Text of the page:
MA: Getting back to my previous point about comparing this to THE BIRDS. Don’t get me wrong. I like THE BIRDS better than THE HAPPENING, but the point I was making was that Hitchcock could be forgiven for making an average thriller because he had made so many extraordinary movies already. On the contrary, I’m not so forgiving with Shyamalan. His body of work is still very small.  While he certainly is talented, he needs to make a string of solid movies in order for him to deserve the amount of hype which usually surrounds his films.

THE HAPPENING is not that movie. It’s about as solid as a gust of wind.

LS: It’s not even a gust. It’s a soft and boring breeze. A minor film for a minor director. At this point, he has more failures than successes.

What’s sad is that Shyamalan does have talent. His movies always have at least a few very compelling scenes, and he always hires talented cinematographers – his movies look great. But he can’t seem to follow through with his plots and give us something truly satisfying. I still think that the big problem is that he’s a good director, but an awful writer. Instead of writing his own scripts, He should leave that to someone with more ability. I think if he just stuck to directing, he’d turn out a much better product.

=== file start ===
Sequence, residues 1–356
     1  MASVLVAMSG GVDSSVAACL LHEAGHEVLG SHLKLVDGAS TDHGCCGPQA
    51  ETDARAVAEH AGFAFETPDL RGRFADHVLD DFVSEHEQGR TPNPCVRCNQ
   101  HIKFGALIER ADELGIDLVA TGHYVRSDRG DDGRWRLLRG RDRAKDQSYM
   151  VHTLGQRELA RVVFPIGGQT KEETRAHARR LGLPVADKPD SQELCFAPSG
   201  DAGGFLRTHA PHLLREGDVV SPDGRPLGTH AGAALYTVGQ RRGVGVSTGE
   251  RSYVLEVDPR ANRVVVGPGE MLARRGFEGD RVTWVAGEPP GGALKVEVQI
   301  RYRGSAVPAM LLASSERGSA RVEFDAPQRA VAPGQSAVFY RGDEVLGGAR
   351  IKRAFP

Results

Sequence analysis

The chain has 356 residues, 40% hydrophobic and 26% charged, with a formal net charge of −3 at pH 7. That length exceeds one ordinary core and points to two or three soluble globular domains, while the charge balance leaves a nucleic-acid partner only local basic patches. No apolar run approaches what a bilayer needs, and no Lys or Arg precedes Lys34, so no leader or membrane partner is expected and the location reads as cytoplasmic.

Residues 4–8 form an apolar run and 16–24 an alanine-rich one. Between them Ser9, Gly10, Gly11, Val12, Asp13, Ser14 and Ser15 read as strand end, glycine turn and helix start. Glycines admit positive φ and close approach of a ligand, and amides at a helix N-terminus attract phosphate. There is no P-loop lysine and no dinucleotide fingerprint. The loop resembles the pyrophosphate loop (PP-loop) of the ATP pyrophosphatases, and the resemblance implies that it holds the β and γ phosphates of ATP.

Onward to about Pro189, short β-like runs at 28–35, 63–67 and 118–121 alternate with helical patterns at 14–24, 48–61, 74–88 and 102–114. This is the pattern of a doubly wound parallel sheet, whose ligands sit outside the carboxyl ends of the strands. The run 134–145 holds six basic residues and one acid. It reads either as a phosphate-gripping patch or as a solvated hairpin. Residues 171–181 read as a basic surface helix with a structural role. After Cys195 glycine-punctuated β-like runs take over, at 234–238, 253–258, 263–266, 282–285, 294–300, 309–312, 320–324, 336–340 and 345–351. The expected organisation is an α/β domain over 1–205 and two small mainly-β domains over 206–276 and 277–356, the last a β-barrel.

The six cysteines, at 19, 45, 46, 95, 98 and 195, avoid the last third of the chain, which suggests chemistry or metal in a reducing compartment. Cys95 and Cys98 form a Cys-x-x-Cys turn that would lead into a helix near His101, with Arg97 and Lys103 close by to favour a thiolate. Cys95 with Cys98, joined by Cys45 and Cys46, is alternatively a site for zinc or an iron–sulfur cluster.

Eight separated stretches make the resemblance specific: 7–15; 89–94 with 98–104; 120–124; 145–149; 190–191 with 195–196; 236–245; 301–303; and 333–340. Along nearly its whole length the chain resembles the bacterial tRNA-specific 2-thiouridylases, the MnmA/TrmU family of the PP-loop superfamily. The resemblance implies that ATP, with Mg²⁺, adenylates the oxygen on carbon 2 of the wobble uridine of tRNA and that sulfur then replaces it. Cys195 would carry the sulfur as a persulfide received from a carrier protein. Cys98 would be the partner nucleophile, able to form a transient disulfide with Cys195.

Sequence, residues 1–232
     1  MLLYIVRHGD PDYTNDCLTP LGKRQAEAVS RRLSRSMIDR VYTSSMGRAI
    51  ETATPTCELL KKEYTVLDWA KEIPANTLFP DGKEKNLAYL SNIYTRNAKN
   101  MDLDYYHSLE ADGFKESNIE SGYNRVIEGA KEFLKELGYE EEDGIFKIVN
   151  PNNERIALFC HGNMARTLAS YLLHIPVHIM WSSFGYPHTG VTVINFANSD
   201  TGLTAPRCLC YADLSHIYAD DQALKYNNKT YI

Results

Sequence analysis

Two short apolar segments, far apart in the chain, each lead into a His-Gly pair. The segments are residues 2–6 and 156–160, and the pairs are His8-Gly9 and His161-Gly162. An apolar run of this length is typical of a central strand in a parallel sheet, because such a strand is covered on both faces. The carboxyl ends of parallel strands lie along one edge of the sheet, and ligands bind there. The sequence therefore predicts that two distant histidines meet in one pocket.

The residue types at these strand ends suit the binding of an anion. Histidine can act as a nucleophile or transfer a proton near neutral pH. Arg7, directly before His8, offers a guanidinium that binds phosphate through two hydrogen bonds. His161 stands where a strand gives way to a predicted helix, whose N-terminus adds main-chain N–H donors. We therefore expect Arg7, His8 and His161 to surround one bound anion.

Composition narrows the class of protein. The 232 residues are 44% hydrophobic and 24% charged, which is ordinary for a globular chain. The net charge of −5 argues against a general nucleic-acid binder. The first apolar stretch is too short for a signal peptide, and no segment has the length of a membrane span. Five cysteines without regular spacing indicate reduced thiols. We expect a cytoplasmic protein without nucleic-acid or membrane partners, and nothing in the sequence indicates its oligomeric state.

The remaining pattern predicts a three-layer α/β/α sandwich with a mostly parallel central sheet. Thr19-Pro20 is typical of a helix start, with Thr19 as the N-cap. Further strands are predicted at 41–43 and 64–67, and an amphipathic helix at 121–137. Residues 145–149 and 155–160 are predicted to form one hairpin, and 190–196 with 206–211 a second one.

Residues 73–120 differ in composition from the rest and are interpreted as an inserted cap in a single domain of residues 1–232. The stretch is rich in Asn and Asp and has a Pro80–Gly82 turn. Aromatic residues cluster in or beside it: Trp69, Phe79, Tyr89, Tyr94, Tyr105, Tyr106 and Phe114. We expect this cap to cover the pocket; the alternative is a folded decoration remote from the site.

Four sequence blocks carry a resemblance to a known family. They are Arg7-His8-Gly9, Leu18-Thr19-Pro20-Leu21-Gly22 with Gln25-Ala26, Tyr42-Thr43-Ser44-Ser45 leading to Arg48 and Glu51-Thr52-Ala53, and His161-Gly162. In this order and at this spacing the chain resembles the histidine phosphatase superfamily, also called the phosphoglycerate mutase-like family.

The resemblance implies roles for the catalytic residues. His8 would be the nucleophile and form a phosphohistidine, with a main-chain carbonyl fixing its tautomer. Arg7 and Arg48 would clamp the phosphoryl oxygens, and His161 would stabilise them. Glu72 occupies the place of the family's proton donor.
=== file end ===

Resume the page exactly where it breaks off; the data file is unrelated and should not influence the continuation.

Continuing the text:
And I actually find it frustrating that this guy continues to get funding for his movies, and still gets wide releases, while true masters like Romero and Argento have to take the crumbs of limited release. Even Romero’s so-so new flick DIARY OF THE DEAD is a work of genius compared to THE HAPPENING. I just don’t understand how studios continue to get hoodwinked by this guy.

MA:  One answer may be that a film with an environmental message is probably a better sell than a blood and guts movie about zombies. I wouldn’t call Shyamalan a minor director either, or even a poor writer. He’s too talented. I’m confident he’s got more work worthy of the term “classic” left in him.

LS:  Care to put that in writing?

(LS hands MA a pen. As MA prepares to write on a tree, a loud growl is heard, and the tree suddenly is holding axes in its branches.)

MA:  Um, some other time.

(They run away)


(Originally published on Fear Zone on 6/17/08)

© Copyright 2008 by Michael Arruda and L.L. Soares